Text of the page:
If misery loves company, then there’s plenty of it around when it comes to hiring qualified maintenance candidates, and it’s a situation that’s not likely to improve anytime soon.
“The one thing that will impact everyone is the talent shortage” said Rowdy Brixey, founder and president, Brixey Engineering Inc. “If you haven’t felt it yet, you will. You can’t let this curve blindside you, or you’ll never recover.”
In today’s job market, there are two types of skilled candidates, noted Mark Luccitti, a veteran operations executive and a consultant to the industry. The most common one has the prerequisite mechanical background along with electrical troubleshooting skills and some PLC experience.
“If you can find that person, you’re doing really well,” he said. “Most often, you’ll find someone with the basic mechanical skills and, outside of wiring a three-phase pump motor, doesn’t have a whole lot of electrical troubleshooting skills.”
Holly Gilbert, vice president of operations at Awakened Foods, Loveland, Colo., calls these techs the cowboys of the baking industry.
“They can crawl up a cooler where the belt slipped, flip it over and get it running,” she said. “You need people like that, but that person probably would be completely lost if they were trying to fix a robotic stacker.”
The best candidates are the most highly coveted, especially by bakeries that have invested in automation in recent years.
“You must have one person in your facility who can read programming language, electrical drawings and do basic troubleshooting. If you don’t, you need a local contractor that is familiar with your facility that you can count on to be there 24/7,” Mr. Luccitti explained. “You’re going to pay more, but I’m a firm believer that you get what you pay for. You may be able to get by, but you’re not going to get the performance that everyone wants if you don’t have a strong maintenance program.”
Contractors, however, don’t come cheap.
“It’s best to have someone doing maintenance in-house if you can find them,” Mr. Luccitti said. “You may have to pay four times the amount for a qualified electrical maintenance consultant.”
Mr. Luccitti suggested searching for qualified candidates who served in the military.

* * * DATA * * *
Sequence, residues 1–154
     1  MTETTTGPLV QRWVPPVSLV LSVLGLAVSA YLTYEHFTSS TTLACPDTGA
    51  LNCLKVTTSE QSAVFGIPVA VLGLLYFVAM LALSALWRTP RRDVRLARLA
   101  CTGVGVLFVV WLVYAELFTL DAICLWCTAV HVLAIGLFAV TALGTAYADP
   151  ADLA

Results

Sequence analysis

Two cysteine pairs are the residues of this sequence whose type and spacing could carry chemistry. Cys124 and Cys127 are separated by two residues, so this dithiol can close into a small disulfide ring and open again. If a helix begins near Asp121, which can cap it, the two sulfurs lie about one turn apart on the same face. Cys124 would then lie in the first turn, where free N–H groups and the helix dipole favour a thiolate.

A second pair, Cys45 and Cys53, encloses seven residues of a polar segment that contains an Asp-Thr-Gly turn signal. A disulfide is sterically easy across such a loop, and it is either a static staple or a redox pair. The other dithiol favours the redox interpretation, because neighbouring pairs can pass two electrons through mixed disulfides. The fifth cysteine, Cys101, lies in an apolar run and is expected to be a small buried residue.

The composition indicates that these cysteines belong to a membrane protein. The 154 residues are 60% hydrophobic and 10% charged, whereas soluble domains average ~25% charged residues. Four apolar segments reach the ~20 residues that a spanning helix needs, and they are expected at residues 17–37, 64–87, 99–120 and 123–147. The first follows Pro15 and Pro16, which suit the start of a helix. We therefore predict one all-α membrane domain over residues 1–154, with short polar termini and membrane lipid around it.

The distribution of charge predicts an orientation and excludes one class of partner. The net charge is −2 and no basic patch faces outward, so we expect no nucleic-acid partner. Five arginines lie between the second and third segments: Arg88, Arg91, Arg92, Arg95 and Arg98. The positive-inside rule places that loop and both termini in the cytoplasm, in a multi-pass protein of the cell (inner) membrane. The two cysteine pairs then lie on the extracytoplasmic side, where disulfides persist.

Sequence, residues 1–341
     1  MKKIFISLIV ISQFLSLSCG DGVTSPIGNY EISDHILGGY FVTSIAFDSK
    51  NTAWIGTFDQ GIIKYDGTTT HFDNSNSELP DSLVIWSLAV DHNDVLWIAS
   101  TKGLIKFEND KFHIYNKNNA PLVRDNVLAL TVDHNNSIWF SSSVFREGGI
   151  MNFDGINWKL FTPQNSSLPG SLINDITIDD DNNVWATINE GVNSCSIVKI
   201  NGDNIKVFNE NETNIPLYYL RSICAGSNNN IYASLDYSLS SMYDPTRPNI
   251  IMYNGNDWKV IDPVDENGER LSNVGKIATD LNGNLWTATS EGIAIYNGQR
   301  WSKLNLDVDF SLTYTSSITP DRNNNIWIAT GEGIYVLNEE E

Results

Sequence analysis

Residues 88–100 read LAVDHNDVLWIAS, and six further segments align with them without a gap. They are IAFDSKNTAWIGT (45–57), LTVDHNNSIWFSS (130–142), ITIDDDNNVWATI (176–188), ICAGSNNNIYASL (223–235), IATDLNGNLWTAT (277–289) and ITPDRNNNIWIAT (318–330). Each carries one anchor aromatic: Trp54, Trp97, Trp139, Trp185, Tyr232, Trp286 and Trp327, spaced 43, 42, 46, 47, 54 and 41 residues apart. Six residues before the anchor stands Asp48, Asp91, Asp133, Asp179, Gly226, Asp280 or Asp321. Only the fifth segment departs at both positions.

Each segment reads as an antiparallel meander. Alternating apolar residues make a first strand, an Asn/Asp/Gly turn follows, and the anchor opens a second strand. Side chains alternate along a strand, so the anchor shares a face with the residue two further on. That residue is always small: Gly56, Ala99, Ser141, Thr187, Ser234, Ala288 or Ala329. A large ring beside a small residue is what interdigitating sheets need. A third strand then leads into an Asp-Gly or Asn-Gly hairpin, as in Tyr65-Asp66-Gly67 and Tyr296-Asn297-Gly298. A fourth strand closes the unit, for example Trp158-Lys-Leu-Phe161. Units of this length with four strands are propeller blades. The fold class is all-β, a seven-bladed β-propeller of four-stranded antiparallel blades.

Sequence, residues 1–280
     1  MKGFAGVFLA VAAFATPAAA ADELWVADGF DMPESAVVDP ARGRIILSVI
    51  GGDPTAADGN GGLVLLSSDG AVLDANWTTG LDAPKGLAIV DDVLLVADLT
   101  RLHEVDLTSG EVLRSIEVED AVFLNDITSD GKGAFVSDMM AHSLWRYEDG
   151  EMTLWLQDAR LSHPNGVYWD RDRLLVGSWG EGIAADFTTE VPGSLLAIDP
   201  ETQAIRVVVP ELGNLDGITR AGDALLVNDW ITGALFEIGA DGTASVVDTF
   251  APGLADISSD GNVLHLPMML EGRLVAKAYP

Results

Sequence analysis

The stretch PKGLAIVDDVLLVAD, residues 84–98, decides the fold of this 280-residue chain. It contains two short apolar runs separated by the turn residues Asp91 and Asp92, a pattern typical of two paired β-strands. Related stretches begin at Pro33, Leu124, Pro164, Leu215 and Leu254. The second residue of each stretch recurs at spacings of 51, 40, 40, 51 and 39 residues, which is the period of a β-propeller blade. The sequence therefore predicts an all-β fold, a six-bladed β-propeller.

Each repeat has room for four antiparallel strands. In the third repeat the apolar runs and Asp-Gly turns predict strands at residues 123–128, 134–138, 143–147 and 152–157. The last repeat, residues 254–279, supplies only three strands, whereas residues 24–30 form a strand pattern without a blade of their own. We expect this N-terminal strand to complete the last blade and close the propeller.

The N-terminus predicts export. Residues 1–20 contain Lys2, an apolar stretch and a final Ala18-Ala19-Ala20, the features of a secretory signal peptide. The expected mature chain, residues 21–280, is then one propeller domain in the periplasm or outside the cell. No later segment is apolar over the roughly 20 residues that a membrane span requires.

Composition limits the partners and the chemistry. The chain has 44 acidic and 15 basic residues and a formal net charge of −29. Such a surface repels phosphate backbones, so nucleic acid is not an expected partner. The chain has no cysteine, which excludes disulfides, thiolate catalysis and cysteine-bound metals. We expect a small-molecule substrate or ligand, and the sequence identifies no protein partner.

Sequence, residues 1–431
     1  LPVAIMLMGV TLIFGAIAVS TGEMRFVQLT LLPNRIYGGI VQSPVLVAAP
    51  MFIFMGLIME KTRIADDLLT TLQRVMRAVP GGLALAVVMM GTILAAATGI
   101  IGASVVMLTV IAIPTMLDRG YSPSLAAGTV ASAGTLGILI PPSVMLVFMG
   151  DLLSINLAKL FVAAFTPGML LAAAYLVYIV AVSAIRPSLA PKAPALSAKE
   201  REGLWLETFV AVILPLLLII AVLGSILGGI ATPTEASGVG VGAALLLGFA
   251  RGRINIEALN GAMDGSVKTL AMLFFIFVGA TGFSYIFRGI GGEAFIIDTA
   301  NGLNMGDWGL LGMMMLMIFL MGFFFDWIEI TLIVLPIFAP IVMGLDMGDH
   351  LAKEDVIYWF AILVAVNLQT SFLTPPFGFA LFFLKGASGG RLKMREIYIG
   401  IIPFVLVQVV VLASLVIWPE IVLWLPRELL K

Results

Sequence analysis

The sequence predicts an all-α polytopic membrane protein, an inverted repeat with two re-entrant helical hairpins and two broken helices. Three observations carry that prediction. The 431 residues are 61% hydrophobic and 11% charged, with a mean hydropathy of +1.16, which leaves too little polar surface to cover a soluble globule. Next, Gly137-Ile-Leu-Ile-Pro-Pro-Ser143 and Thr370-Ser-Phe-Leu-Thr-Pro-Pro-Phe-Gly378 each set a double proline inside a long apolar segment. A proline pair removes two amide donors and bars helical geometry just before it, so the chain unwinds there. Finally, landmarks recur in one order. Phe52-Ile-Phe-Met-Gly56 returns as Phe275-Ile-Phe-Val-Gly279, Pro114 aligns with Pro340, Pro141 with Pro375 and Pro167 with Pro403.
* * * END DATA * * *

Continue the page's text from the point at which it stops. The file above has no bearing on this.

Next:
“I’ve had great experience hiring engineers out of the Navy, and especially people who have worked in the nuclear program,” he explained. “I reached out to them because they are highly qualified. They not only have leadership skills being in the military, but they’re also experts in troubleshooting. They had been out in the middle of the ocean in a submarine, and when they had a problem, they had no one to call. They had to fix it.”
Mr. Luccitti also recommended creating internships. This allows bakeries to provide hands-on experience and see if interns are a good fit for the bakery.
“Not everybody succeeds in a manufacturing environment working weekends, holidays and nights,” he said. “We had one person who worked for us for several months, so he knew exactly what he was getting into. He got an engineering degree, and he probably will have a great career in the baking industry.”
Training candidates is another cost to consider.
“A good rule of thumb is that it takes a good year for a maintenance person to learn everything around a plant. It’s truly a live-and-learn experience,” Ms. Gilbert said.
She recommended establishing standard operating procedures, which are lacking in many maintenance departments, and more interactive training programs.
“Most maintenance people are hands-on learners,” Ms. Gilbert explained. “The traditional way of writing things down might not be effective for them. Using a Go Pro is a good way to create learning materials for maintenance techs to learn.”
So is the glass half full or half empty when it comes to finding qualified candidates?
“We’re at a tipping point,” Mr. Brixey said. “For some people, the leak in the bottom of the glass is bigger than others because of a bakery’s location and Amazon just took all of their labor.”
For some bakeries, time is not on their side, especially if they have older equipment and are looking to automate to become more competitive in the market but don’t have a properly trained maintenance department.
“For them, the glass has already tipped over and everything’s spilling out,” Mr. Brixey said.